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The American Recovery and Reinvestment Act of 2009 (ARRA) , known popularly as “The Stimulus Bill,” was enacted by Congress on February 17, 2009. It contained in its title XIII a broad range of provisions called the Health Information Technology for Economic and Clinical Health Act (HITECH Act), which, taken together, were intended to promote the adoption and use of health information technology as a means of improving the quality and value of US health care. Among many provisions, the act designated that the Office of the National Coordinator for Health Information Technology (ONC) is the entity responsible for supporting and coordinating the effort to implement a nationwide health information technology infrastructure that would facilitate the use and exchange of health information. The HITECH Act also authorized incentive payments to health care providers through Medicare and Medicaid. These payments were intended to encourage the adoption and “meaningful use” of certified electronic health record (EHR) technology.
As a result of these provisions and incentives, interest in health care providers and organizations adopting EHRs intensified considerably. EHR systems would have to be certified for their users to qualify for extra Medicare and Medicaid payments. The ONC launched an effort to define “meaningful use” and to develop standards and certification criteria that EHR systems would have to meet. At this writing, the certification criteria and standards and the process for implementing them are not final, but incentive payments to providers for meaningful use of EHRs are set to begin in 2011.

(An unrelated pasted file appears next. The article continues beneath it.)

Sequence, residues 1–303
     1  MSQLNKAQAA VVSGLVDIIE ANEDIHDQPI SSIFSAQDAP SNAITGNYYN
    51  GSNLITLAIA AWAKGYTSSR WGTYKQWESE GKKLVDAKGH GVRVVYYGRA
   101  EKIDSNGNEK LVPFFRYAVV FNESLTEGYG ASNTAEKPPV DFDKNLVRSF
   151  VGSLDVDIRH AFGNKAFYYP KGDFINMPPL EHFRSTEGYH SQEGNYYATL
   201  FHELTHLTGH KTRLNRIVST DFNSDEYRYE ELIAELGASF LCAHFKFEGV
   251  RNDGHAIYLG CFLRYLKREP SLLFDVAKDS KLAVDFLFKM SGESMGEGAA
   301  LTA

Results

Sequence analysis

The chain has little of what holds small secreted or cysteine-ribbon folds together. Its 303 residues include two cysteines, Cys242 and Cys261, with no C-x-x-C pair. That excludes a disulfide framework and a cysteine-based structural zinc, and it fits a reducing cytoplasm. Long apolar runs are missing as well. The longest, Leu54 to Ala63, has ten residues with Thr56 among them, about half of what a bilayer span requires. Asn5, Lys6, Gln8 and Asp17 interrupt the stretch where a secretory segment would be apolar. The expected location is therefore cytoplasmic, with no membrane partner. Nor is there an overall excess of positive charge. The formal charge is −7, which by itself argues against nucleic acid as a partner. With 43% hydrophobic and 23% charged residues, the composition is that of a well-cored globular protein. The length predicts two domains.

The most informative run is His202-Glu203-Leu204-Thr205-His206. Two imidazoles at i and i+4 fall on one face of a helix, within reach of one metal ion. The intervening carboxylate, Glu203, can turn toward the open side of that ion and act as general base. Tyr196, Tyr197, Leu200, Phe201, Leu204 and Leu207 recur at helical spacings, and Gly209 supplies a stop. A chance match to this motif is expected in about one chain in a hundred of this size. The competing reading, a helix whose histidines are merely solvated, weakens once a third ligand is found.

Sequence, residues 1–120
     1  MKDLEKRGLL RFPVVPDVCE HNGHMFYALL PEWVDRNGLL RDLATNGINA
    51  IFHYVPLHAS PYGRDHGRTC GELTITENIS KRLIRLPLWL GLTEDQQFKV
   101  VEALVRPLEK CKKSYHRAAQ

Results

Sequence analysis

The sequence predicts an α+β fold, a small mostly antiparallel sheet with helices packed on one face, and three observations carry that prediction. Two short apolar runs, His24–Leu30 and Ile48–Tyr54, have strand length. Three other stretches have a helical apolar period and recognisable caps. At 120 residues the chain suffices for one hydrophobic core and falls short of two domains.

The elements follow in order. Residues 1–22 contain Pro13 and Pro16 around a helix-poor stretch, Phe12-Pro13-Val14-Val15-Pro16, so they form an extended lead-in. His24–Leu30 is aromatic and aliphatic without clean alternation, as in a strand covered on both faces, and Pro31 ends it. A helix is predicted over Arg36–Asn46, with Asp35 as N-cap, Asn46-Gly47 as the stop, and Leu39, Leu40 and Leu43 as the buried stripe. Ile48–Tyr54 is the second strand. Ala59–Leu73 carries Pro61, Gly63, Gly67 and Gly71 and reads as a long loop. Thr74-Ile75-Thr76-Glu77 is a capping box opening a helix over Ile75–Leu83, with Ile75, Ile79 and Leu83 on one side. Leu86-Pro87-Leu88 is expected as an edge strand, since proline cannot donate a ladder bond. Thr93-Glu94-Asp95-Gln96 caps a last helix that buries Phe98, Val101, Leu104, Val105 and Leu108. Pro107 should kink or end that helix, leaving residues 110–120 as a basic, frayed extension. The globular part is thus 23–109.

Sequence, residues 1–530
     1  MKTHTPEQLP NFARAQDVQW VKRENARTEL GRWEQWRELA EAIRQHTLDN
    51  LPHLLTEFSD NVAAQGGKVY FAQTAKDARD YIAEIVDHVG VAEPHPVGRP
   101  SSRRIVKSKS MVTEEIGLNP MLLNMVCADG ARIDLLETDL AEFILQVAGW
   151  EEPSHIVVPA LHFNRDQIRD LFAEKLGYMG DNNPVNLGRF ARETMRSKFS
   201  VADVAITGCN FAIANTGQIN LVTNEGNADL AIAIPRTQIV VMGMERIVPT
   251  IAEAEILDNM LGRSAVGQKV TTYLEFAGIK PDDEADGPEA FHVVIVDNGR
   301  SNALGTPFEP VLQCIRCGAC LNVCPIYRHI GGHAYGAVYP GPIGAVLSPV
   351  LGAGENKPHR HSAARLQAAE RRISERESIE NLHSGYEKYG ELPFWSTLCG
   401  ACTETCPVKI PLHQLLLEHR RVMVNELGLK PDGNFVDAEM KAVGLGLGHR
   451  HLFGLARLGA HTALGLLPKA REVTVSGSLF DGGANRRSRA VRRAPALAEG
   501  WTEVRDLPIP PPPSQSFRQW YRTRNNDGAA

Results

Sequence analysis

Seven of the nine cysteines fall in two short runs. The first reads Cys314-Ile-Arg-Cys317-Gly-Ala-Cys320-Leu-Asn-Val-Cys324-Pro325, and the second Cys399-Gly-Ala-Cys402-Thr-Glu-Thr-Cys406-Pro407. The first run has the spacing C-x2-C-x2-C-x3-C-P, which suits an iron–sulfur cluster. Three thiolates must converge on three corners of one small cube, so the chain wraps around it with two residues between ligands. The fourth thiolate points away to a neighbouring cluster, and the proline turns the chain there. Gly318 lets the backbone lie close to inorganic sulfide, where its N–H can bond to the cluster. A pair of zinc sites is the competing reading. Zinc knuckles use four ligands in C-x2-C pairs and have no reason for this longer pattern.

The certification criteria and standards do not require that EHRs be linked to or include actual evidence from the literature of the health sciences. They do mention “clinical decision support systems” (CDSS or CDS) as a required capability or feature of EHRs within the adoption window of 2011 to 2015, but they do not specify that such systems be evidence based. However, CDSSs can be built on a knowledgebase that, among other possible sources, depends on evidence from the literature. The high-profile discussion of the use of EHRs has created an environment that, perhaps more that ever before, presents opportunities for health sciences libraries to participate more actively and essentially in the clinical enterprise in their institutions.
As these developments were taking place, the program, “Electronic Health Records (EHR) and Knowledge-Based Information: State-of-the-Art and Roles for Libraries in Health Information Technology,” was taking shape. The Association of Academic Health Sciences Libraries (AAHSL) Program and Education Committee met in San Antonio, Texas, in November 2008, on the very eve of the national elections, to plan programs for the 2009 annual AAHSL/Association of American Medical Colleges meeting to be held in Boston on November 7, 2009. At that time, it was not known that health care reform and major changes in federal policy regarding health information technology would take center stage in the coming year. The outcome of the elections was still very much in doubt, as were the priorities that would be set by an incoming administration. Nevertheless, the committee determined that a possible topic for the symposium might be an update on the EHR and AAHSL members' involvement in EHR implementation.